icon caret-left icon caret-right instagram pinterest linkedin facebook twitter goodreads question-circle facebook circle twitter circle linkedin circle instagram circle goodreads circle pinterest circle


June 15th used to be the big trading deadline in baseball and as usual Branch Rickey was in the middle of a big innovation. In 1922 Rickey’s Cardinals and the St. Louis Browns who shared the home field of Sportsman’s Park were in first place near the end of July for the first time in St. Louis baseball history. (Many people forget that Rickey was both field and business manager of the Cardinals from 1919 until May 1925 when owner Sam Breadon fired him from the field job ordering him to devote himself fully to front office scouting, signing, and evaluation.)

Then the Yankees and the Giants made one-sided trades – the Yankees getting third baseman Joe Dugan from their favorite trading partner the Red Sox and the Giants obtaining pitcher Hugh McQuillan from the Boston Braves – and both teams roared to the top of the standings and met for the second straight year in the World Series. In 1923 they would meet again and the Yankees would finally beat the Giants and the tide of championship play in New York would start to flow towards the Bronx Bombers.

Branch Rickey cried foul, telling one of his favorite audiences, a Rotary club in St. Louis, “How can those teams without unlimited resources in their deposit boxes have a chance to compete fairly?” In only his second year on the job Baseball Commissioner Kenesaw Mountain Landis decided that it was a league matter and didn’t take any action against the New York behemoths. But starting in 1923 a June 15th trading deadline was approved by both leagues. Any deals after that date would be waiver deals, meaning that the lowest ranked teams in each league would have a shot at a player before any transaction was complete.

I grew up with that date as part of my fan’s calendar. Big deals were made in my lifetime at the June 15th deadline including the Cardinals getting future Hall of Fame outfielder and base stealing demon Lou Brock from the Cubs for pitcher Ernie Broglio in 1964 and the Mets trading for slugging first baseman Donn Clendenon from the Expos in 1969, deals that led to World Series victories in those years for each team. The June 15th deadline lasted until the 1990s when July 31st became the new trading deadline.

Flipping the cable channels last night I found the MLB network running a rebroadcast of the opening game of the 1968 World Series. I caught the last innings of a classic in which Bob Gibson broke Sandy Koufax’s single-game World Series strikeout record of 15 by fanning 17 Detroit Tigers including the formidable trio of Al Kaline, Norm Cash and Willie Horton in the 9th inning.

Memories flooded back as I listened to Harry Caray do the last half of the game on NBC with Curt Gowdy. Tony Kubek, Gowdy’s regular season partner on the Game of the Week broadcasts (who will be inducted into the Hall of Fame broadcasters’ wing next month), was relegated to roving interviewing duties in the stands chatting with among others Gibson's wife Charlene, recently retired Casey Stengel, and American League president Joe Cronin. In those days, each winning team’s main announcer did half of the game with Gowdy. Unfortunately, I missed Ernie Harwell’s part of the broadcast but it was a throwback to listen to Caray’ corny, ebullient old-fashioned pre-women's movement style. eg. “As you can see, Mike Shannon is very good-looking, ladies take notice.”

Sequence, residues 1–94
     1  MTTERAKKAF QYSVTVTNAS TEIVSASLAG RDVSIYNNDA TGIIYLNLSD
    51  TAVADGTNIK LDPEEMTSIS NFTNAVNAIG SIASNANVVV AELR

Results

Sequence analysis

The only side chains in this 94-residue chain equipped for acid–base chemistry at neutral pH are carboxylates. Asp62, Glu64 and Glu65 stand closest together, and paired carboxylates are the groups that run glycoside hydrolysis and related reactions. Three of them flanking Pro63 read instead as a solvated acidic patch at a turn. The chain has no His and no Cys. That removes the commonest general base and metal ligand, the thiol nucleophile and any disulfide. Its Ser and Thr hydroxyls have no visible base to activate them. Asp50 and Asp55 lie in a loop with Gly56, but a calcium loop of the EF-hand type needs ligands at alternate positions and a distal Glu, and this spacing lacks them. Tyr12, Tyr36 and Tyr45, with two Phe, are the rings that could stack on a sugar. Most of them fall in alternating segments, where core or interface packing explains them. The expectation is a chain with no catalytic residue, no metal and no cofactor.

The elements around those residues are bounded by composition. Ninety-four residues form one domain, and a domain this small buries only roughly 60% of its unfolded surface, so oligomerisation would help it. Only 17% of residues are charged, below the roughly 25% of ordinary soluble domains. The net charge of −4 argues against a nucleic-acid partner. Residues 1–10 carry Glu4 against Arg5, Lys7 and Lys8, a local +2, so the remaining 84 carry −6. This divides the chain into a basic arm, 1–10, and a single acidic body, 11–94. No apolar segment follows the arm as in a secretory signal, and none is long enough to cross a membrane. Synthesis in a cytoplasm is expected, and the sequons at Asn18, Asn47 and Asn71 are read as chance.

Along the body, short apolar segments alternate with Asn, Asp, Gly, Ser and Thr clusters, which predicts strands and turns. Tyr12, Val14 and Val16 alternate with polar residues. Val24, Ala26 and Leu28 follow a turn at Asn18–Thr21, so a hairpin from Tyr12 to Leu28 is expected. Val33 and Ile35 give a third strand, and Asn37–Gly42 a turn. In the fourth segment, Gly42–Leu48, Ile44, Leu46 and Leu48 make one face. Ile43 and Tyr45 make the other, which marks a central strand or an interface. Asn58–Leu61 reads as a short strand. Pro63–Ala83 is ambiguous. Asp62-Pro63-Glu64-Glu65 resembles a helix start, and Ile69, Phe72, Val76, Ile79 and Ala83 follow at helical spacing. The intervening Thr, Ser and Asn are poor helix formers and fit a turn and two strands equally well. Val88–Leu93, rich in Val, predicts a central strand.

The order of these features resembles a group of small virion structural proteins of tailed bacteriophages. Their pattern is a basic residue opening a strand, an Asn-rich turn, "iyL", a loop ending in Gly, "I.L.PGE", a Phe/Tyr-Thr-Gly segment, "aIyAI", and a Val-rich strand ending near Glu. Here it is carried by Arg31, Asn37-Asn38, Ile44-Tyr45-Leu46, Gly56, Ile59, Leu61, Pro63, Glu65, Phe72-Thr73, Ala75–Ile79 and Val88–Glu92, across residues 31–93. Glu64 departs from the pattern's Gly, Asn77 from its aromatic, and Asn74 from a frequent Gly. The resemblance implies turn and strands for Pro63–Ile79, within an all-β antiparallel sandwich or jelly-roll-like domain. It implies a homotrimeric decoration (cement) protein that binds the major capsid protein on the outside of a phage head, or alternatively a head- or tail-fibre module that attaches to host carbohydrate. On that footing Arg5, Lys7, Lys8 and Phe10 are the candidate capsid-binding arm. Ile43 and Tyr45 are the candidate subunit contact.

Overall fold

Following the vintage rebroadcast, Bob Costas interviewed Gibson and his battery mate Tim McCarver for an hour. Gibson is a true original, quipping that if he had known how much National League batters were intimidated by his glaring presence on the mound, “I’d have been uglier.” Actually Gibson didn’t have great eyesight and the glaring was usually because of his need to make sure that he had the right signs from catcher McCarver.

Gibson does a good imitation of Willie Mays’ high-pitched voice and he told the story of wearing spectacles one day when he met Willie off the field. “Gibson, you wear eyeglasses?” Willie piped. “You’re gonna kill someone out there.” McCarver repeated what I heard him say at the Baseball Alumni Team (BAT) dinner a couple of years ago about how the Cardinals relied on Gibson too much – he had won seven World Series in a row after a lone defeat in the 1964 fall classic - and that was why they probably lost the 1968 Series after leading the Tigers three games to one.

In brief additional segments Detroit stars Kaline and Horton told Costas that they thought the 13-1 rout they had inflicted on the Cardinals in Game 6, including a 10-run inning, had knocked the confidence out of the Redbirds. Hindsight is wonderful isn’t it? As long as you don’t take it too seriously as gospel. Everyone agreed that Mickey Lolich was the great star of the 1968 Series, winning three games over the 1967 defending world champions. “One month before the Series Roger Maris had told us that Lolich would give us the most trouble,” McCarver said despite Denny McLain winning 31 games in the regular season.

Mentioning McLain reminds me of the story that the (at least) twice-imprisoned former Cy Young winner told at a recent BAT dinner about how he celebrated the World Series triumph by hanging out in the Chaldean community of Detroit. “That’s Iraqi for those of you who don’t know,” McLain related. “I got so drunk that I didn’t know where I was. I wound up in the back seat of a car at four o’clock in the morning with a woman who looked like Saddam Hussein.” The audience at the dinner laughed nervously not knowing what else was coming from the erratic ex-pitcher but McLain to everyone’s relief ended his remarks shortly thereafter.

More tales of our heroes, real and faux, coming tomorrow. Ciao for now!
Be the first to comment